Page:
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Lord Fraser of Carmyllie: My Lords, when we discussed almost identical amendments at Committee stage I gave an indication that this set of amendments would give trade unions and staff associations a veto. Perhaps I went too far in saying that, but it would give them an automatic right of consultation before the Secretary of State was able to exercise his powers in relation to transfer schemes and before either the Secretary of State or the authority could dispose of any of the securities in a successor company.

At the risk of repeating myself, our position remains that the final decision on the sale has to be made by the Government in the light of market circumstances at the time and in the best interests of AEA Technology as a business, its employees and the taxpayers. We could not accept a clause which might affect the ability to take that final decision. When we debated the amendments in Committee I believe the noble Lord, Lord Haskel, stressed that they were intended to ensure that best employment practices were carried out. He said that that was of particular importance in a "people" business such as AEA Technology and that the staff were carried along with the privatisation proposals. I entirely agree with both his propositions. All the privatisations that have taken place were of "people" businesses, in which that is pre-eminent.

I did not engage in the type of negotiation and discussion which the noble Lord, Lord Peston, described—and which he tried to discover—when I was at Harwell last week. However, I spoke to the chief executive and had displayed to me the wide range of consultation material that he and his chairman had undertaken in recent months. I can assure the noble Lord that it is as extensive an exercise in consultation as I have seen. My understanding is that it is by no means at an end and that the management intends to continue to consult with those whom it employs and to take them along with all that is being proposed. That seems to me to be the right way forward. With that reassurance, I hope that the noble Lord will appreciate what is being undertaken and will feel that he can withdraw the amendments.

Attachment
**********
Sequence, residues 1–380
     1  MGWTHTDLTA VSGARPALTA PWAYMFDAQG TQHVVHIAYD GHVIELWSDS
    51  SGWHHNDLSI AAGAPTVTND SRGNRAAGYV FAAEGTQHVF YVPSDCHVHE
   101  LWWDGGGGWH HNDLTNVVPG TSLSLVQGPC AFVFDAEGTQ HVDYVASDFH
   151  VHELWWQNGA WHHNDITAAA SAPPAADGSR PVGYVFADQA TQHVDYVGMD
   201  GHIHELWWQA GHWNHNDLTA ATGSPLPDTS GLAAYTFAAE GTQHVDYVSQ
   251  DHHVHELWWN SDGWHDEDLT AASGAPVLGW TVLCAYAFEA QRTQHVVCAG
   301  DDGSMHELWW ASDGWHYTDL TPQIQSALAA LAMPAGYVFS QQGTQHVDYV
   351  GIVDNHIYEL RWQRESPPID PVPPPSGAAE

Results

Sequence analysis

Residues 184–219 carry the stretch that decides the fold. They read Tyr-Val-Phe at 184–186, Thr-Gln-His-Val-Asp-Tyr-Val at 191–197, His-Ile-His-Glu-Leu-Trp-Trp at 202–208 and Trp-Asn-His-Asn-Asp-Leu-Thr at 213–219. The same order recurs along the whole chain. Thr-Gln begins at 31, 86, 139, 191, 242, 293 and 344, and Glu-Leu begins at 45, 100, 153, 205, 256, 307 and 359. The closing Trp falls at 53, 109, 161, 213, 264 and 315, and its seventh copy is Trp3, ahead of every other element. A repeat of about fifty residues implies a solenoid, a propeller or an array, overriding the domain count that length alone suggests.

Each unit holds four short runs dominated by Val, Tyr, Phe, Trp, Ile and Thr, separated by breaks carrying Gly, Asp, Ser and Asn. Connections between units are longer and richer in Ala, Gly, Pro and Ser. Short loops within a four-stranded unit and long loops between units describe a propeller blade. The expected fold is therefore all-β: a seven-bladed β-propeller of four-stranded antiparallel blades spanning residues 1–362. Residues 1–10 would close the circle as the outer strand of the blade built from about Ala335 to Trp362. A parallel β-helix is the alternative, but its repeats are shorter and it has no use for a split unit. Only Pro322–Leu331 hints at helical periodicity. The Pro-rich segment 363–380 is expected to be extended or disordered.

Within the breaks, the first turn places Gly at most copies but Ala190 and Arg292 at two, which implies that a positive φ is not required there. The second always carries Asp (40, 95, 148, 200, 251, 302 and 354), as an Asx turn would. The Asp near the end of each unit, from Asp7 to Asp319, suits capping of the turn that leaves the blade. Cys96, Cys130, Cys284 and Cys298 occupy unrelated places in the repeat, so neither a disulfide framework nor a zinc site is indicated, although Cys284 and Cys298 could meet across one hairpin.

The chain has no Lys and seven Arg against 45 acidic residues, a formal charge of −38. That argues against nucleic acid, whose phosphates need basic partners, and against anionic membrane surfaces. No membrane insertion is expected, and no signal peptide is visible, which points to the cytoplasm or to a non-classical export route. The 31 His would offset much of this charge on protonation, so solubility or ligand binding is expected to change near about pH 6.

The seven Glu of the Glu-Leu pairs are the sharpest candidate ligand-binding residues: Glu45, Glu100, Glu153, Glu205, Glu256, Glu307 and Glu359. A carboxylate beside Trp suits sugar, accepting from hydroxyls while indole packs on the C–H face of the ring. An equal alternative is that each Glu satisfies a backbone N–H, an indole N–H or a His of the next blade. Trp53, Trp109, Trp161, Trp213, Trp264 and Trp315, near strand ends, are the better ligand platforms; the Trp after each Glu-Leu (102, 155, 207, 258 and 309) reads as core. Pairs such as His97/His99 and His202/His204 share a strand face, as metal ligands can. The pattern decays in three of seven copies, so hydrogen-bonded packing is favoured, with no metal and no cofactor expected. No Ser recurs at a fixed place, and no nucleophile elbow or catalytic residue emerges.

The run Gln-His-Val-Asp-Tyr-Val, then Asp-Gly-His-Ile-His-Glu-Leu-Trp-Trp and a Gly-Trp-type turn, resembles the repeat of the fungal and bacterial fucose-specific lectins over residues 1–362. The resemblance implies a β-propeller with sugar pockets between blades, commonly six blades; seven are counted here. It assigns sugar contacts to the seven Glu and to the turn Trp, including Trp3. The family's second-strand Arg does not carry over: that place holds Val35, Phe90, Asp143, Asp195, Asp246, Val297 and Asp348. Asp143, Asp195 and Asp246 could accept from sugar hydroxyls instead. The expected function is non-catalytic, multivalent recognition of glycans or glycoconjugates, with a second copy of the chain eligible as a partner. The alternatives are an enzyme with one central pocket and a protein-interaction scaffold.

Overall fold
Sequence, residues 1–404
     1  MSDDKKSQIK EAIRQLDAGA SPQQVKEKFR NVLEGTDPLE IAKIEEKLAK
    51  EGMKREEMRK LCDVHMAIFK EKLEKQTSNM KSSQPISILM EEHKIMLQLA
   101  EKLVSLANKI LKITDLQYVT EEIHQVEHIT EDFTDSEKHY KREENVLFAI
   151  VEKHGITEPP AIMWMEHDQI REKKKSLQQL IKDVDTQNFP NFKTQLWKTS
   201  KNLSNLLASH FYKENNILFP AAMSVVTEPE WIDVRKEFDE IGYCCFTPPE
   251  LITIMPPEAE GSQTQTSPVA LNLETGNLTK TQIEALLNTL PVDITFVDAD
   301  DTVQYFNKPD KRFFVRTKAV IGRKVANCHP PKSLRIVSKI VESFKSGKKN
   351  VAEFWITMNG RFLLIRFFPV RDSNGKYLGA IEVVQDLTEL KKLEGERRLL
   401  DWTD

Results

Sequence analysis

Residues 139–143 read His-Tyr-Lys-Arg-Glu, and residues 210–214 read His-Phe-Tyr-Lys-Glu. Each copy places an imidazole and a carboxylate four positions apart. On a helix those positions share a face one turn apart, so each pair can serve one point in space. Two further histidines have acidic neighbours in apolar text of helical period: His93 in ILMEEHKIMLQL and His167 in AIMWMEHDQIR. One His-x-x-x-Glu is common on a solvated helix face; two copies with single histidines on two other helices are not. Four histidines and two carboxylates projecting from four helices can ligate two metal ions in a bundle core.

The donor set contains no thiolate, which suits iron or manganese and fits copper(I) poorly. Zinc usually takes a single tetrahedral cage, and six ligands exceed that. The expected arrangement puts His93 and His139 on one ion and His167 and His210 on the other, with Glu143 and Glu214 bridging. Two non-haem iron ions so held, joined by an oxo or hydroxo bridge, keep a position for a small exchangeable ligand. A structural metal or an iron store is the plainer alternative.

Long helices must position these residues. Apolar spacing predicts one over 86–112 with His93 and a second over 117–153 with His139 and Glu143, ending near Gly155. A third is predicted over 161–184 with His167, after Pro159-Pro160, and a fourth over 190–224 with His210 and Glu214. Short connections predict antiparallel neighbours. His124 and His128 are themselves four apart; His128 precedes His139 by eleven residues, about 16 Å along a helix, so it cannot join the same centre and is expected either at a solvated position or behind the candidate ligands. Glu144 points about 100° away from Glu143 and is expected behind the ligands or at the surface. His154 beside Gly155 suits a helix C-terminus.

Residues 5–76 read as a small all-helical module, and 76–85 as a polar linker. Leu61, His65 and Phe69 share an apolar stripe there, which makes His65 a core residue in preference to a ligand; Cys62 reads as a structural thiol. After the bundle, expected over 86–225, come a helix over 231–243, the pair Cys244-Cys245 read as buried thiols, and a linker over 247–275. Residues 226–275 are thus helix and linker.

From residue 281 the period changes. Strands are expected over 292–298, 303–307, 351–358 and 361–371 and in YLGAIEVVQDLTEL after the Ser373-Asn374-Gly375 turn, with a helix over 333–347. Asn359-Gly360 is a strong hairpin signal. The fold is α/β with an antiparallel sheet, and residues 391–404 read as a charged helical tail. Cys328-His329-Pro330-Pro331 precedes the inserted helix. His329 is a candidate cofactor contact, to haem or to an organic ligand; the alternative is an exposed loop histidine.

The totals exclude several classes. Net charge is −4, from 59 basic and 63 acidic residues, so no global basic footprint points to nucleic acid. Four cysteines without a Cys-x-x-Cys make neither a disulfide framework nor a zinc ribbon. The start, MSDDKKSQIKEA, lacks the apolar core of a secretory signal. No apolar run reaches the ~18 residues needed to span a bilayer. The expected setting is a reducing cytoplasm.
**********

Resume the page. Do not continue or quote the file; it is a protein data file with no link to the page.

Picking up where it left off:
Lord Peston: My Lords, I thank the Minister for his reply. I reiterate that I do not believe that it would be right, and in particular not constitutionally right, for there to be a veto. I am certain that the amendments do not give the workers, the employees or their representatives a veto. My judgment is not very different from that of the Minister that, to use his words which are better than mine, it would be good sense to carry one's employees along with one. I believe that that is what he said. The way to do that is to consult them and to have a meeting of minds. The Minister says that in his judgment that has been happening and in a way my amendments are unnecessary. Since he said that, and it is on the record, I assume that the people at AEA Technology can read and will read what he said, just as they might consider reading what I have said. I know that every word spoken on this side is read by them at all times!

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However, this is a serious matter because, to return to my point on economics and finance, the productivity of the enterprise, and therefore its value in the market place, depends overwhelmingly on the employees believing that what is happening is correct and that they are properly valued. That is the whole point of the amendments and I do not believe that the Minister disagrees with me about that.